Homeowners might be able to handle their own excavating with some rented equipment and a bit of planning. However, it's not unusual for homeowners to just start digging up a lot for their new swimming pool or landscaping without really knowing all the details involved in excavating. This can lead to some very common and very costly mistakes. Note a few things you want to avoid when handling your own excavation project.
1. Using the wrong equipment
You might assume a backhoe is the right equipment for any type of excavation, but once you shop a local heavy-duty equipment rental agency, you might notice that they offer trenchers, mini excavators, and other such pieces. There is a reason for this; each type of equipment is needed for a different type of excavation. Using a trencher for a long and narrow pit or a mini excavator for a smaller yard is the right choice, so ask about the various options available and be sure you choose what will make quick work of your dig.
2. Not considering the fill dirt
When you handle your own excavation, you need to manage the fill dirt you remove from your property. Even if you get a truck or other means of removing it, note that dirt often expands once it's removed from a lot. This is because air gets into the dirt so that it's not so compact; you may then wind up with much more dirt than you expect. Remember that most fill dirt removal services charge by the measurement of dirt, not by the weight of it, so if the dirt you remove should expand, you may need more than one truck or more than one trip for removal.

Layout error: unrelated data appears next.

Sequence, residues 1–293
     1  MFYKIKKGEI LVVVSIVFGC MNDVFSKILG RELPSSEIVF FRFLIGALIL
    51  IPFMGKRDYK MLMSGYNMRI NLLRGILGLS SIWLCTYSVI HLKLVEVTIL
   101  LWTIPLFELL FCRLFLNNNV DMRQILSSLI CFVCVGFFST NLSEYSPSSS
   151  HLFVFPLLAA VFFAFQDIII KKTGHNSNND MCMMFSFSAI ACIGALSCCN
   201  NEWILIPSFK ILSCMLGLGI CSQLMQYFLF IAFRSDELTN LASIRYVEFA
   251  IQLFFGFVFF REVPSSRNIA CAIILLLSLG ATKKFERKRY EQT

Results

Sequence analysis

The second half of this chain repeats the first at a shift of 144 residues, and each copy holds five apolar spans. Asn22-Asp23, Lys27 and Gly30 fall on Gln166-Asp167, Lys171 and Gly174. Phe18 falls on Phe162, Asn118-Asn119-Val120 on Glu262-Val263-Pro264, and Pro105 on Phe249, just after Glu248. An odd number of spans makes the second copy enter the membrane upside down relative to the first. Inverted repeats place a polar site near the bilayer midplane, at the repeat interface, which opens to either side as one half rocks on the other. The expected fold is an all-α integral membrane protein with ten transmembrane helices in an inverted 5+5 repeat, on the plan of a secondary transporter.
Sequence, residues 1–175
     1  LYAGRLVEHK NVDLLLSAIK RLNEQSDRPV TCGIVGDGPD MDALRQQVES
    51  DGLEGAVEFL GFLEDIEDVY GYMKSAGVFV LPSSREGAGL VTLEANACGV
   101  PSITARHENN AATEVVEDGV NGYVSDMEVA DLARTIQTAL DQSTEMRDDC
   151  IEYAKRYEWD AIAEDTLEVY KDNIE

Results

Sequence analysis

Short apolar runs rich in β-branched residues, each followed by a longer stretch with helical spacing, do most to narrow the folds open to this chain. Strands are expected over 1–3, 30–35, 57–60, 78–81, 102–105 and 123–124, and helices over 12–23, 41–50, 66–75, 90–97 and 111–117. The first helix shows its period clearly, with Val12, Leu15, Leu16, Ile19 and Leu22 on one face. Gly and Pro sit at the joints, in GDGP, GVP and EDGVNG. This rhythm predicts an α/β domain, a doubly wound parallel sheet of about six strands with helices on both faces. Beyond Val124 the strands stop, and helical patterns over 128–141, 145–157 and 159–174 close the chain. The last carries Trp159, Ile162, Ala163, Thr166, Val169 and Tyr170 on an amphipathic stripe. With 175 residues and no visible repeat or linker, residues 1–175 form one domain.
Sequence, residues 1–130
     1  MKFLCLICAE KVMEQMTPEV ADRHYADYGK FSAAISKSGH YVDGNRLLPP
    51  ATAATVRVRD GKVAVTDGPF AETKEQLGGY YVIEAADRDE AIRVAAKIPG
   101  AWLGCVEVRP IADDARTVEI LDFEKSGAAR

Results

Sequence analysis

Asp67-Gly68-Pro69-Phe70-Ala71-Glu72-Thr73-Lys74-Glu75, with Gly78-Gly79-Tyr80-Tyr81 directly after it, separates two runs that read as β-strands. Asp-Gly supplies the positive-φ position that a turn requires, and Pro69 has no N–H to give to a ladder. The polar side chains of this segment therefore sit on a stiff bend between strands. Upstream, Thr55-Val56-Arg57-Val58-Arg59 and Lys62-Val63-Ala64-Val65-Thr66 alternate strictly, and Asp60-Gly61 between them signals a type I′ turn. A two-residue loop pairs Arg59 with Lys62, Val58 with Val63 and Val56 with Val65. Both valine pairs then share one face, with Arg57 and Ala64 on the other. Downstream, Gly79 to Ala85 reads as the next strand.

3. Forgetting the slope
Are you digging for a pool? If so, you may not want the deep end on the downside of a slope, as this could put too much pressure and weight on the pool itself. If you're digging a trench for new plumbing pipes, you need to ensure you choose the right slope for the pipes so that they also don't have pressure from dirt or moisture, but are still angled properly for water to flow through. You also need to consider how your excavation will affect the overall slope or grade of your property and if you might need a retaining wall to hold back soil or moisture and protect your home's foundation and reduce the risk of soil erosion.